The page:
Ted Kennedy is dead, and in the aftermath of his life, one thing still rubs dark his image as the lion of the Senate and continues to forever stain his legacy with blood: His cowardly tether to Mary Jo Kopechne.
The incident at Chappaquiddick rightfully haunted Ted Kennedy since Mary Jo died in a curious car crash on July 19, 1969.
Ted never fully explained his role in her death and his timeline and logic never quite added up in any substantial, human, way.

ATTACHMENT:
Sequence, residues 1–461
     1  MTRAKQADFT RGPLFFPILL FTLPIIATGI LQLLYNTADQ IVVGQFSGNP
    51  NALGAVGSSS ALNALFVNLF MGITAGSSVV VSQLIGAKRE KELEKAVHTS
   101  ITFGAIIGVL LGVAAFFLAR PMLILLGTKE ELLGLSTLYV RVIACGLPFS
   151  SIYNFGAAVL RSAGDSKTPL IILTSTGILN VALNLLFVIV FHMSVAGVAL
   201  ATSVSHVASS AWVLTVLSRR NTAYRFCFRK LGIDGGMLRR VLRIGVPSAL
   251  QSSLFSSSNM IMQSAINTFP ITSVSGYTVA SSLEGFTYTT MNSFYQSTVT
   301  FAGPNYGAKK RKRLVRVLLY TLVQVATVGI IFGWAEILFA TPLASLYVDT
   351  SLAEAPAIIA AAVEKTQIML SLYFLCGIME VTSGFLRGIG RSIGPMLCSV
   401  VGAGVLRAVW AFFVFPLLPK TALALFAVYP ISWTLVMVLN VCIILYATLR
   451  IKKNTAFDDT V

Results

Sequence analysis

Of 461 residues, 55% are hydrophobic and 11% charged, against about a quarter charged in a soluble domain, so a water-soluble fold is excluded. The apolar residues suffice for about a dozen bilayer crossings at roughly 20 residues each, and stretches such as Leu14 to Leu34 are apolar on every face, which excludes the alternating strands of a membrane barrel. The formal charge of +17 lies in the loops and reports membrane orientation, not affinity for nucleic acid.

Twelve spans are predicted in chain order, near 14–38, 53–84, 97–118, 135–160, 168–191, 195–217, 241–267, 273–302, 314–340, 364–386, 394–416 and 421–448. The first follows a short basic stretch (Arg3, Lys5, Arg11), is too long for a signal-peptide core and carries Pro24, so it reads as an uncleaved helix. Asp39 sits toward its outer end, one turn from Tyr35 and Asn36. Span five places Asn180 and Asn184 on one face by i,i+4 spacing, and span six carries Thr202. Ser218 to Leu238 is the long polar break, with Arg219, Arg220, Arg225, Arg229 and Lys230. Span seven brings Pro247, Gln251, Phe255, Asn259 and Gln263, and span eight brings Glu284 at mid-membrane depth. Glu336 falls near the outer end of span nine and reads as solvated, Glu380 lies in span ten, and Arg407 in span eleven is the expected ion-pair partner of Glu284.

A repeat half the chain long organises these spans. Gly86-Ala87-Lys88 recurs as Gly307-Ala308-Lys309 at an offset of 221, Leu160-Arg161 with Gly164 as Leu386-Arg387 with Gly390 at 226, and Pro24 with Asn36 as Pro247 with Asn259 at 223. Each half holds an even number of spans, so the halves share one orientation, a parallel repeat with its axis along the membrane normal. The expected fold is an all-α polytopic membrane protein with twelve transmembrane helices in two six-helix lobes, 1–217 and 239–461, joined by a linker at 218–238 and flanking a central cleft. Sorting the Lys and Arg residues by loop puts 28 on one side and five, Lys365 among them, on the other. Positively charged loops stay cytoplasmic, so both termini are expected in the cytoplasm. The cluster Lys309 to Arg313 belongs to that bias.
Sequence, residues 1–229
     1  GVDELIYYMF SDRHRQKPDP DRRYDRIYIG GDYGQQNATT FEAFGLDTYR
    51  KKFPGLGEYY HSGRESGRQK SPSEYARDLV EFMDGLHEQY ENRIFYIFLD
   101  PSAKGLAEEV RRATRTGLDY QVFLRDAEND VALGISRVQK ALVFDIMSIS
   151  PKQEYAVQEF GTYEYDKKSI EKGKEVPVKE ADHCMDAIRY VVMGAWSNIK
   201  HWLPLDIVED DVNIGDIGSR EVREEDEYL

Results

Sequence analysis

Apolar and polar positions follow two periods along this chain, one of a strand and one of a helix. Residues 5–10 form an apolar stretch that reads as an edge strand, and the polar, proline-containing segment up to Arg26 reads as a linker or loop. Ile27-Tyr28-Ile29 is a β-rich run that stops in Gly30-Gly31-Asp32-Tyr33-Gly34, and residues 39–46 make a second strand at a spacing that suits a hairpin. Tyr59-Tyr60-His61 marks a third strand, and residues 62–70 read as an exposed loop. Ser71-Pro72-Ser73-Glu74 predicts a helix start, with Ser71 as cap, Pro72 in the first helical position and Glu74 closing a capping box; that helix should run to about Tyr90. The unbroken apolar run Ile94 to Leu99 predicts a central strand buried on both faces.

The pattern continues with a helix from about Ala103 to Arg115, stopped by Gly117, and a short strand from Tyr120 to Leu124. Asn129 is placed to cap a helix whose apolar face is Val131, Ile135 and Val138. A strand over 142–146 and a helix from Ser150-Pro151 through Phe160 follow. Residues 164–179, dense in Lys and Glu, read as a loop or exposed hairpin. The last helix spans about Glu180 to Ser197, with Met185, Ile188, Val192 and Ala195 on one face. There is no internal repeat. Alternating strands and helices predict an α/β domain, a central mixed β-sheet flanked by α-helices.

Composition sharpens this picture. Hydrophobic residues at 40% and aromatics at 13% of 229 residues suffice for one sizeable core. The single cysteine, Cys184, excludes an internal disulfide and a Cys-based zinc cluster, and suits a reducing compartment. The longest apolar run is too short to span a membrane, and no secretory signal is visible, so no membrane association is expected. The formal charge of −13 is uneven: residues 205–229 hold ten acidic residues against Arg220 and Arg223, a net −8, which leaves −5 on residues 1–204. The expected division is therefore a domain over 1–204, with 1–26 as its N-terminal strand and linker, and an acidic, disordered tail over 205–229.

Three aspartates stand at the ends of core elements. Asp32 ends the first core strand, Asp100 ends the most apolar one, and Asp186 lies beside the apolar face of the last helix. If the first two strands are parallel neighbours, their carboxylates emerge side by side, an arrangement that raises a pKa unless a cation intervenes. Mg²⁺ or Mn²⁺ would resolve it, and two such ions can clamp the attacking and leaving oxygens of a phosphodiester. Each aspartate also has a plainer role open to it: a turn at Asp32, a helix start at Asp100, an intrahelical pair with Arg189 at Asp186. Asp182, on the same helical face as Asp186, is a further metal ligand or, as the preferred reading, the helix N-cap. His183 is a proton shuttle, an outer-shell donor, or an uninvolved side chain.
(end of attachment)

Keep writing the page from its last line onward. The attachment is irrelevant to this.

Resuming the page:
At the end of his life, Ted would not discuss Chappaquiddick — and it was in that continued cowardice in refusing to publicly confess the results of his actions that prematurely yellowed the calling of his life.
The lionization of Ted Kennedy will begin — but we’ll always have that nagging wondering about what really happened that evil night in 1969 when a young woman lost of the promise of her life, and a young politico lost any real magnitude he hoped to earn with the deeds of a wasted, political, career.
If you’re mourning Ted Kennedy today; please also put in a small prayer for Mary Jo Kopechne — because Mary Jo deserved so much more than to be forever pinned upside down in inside Ted Kennedy’s 1967 Oldsmobile Delmont 88 at the bottom of Nantucket Sound.